Ghana Firms Ties With Equatorial Guinea
| Updated Aug 23, 2017 at 12:00pm
President Nana Addo Dankwa Akufo-Addo said his three-day visit to Equatorial Guinea is to strengthen existing ties and explore areas of co-operation to the mutual benefit of the people.
He noted that for several decades, both nations, at the diplomatic level, had maintained strong relations, adding that he was following in the footsteps of three of his predecessors in the Fourth Republic, who also paid official visits to Equatorial Guinea.
“They have laid a solid foundation for the relations between our two countries, on which, with God’s help, I am hoping to help build a bright future of co-operation,” he said.
President Akufo-Addo said this at a State Dinner held in his honour by President Teodoro Obiang Nguema Mbasogo of Equatorial Guinea on Monday, at the commencement of his three-day official visit to that country.
With the last meeting of the Permanent Joint Commission of Co-operation between the two countries held in Accra in 2010, President Akufo-Addo expressed the hope that his visit to Malabo would kick-start the re-commencement of formal sessions of the Commission.
The President was, therefore, keen to revive the Air Services Agreement, and re-establish direct flights between Accra and Malabo.
His government, he said, had also committed itself to expanding the Tema Port into a trans-shipment hub, to improve sea trade within Africa.
President Akufo-Addo noted that Equatorial Guinea’s proximity to Ghana made her one of the excellent sources for procuring reliable and sustainable Liquified Natural Gas (LNG) to augment Ghana’s domestic supply, which would guarantee the country’s energy security.
In June 2017, the ministers of Energy of the two countries signed a Memorandum of Understanding (MoU) in relation to the supply of LNG from Equatorial Guinea to Ghana.
“My presence here is a consummation of this bilateral agreement, and represents a significant step towards matching Equatorial Guinea’s excess gas supply to Ghana’s ever growing demand.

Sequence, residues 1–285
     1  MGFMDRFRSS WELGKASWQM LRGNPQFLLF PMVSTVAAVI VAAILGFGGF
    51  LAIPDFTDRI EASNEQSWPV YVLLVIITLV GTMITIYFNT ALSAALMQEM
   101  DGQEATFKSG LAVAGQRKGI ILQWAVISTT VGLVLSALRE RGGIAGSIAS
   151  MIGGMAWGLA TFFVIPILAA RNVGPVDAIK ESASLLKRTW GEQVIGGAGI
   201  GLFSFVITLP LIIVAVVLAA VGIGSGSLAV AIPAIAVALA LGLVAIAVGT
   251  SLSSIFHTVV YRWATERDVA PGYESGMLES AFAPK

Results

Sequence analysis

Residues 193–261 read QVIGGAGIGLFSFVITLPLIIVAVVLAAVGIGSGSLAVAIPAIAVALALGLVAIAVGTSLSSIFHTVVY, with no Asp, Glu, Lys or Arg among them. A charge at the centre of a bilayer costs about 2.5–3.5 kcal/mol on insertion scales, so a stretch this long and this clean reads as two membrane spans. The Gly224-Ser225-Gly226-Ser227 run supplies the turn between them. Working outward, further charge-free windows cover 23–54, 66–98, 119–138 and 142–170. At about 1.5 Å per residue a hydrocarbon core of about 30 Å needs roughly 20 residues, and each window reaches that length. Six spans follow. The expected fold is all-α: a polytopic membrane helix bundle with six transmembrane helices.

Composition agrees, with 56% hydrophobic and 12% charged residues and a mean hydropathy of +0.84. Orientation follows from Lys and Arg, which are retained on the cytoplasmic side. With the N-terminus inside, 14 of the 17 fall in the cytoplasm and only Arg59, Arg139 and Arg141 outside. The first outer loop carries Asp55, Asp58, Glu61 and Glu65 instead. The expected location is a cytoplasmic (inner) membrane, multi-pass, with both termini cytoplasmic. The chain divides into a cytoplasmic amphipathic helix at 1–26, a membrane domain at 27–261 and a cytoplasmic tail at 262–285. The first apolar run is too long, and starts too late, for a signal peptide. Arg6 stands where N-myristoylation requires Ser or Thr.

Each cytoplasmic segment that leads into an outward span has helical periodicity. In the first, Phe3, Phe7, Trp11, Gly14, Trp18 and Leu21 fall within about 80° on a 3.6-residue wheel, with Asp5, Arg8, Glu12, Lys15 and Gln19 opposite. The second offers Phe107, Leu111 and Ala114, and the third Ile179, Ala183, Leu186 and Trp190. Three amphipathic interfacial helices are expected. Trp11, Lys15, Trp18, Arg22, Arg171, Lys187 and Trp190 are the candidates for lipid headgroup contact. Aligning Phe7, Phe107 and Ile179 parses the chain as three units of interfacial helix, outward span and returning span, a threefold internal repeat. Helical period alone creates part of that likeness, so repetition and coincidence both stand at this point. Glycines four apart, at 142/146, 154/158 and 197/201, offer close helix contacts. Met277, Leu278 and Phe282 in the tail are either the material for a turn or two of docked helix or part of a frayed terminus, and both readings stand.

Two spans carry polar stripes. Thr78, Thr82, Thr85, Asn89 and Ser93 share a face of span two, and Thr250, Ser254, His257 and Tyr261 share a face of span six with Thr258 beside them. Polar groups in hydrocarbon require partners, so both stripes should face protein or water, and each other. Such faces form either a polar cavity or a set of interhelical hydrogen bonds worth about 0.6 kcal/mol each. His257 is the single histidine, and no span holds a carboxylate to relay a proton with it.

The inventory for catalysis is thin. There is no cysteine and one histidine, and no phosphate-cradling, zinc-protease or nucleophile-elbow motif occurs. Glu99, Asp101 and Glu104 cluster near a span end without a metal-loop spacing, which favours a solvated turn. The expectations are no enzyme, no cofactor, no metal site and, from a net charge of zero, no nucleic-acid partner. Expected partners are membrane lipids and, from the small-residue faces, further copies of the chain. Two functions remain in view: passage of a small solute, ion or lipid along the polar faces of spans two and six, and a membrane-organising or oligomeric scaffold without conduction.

“It is my expectation that during this visit, we shall sign a government-to-government Heads of Agreement for the supply to Ghana of LNG from Equatorial Guinea, for a period of 15years, reviewable every five years. If cocoa was the first seed to nourish the relationship between our two countries, gas is going to be the second,” he said.
The MoU provides that Equatorial Guinea will supply the equivalent of 150 million standard cubic feet of natural gas per day to Ghana and the building and operation of an LNG re-gasification terminal in Takoradi.
With Ghana and Equatorial Guinea being two important members of the African Union (AU), President Akufo-Addo said he was willing to do whatever he could to strengthen the AU.
“I believe it is extremely important for the welfare of the 1.2 billion people of the Continent that we, the leaders, demonstrate strong political will to make the AU an economic and political success, and to make the project of integration real. I am fully committed, and I know President Teodoro Obiang Nguema Mbasogo is, too,” he said.
President Akufo-Addo noted that with Africa’s population set to reach some two billion in 20 years, an African Common Market presented immense opportunities to the Continent.
“The time for African integration is now. Ghana and Equatorial Guinea should be at the forefront of the process that will convert the AU into a true continental market, hence the importance of the success of the Continental Free Trade Area. A working, common continental market has to be a very fundamental objective of all peoples and governments on the Continent,” he added.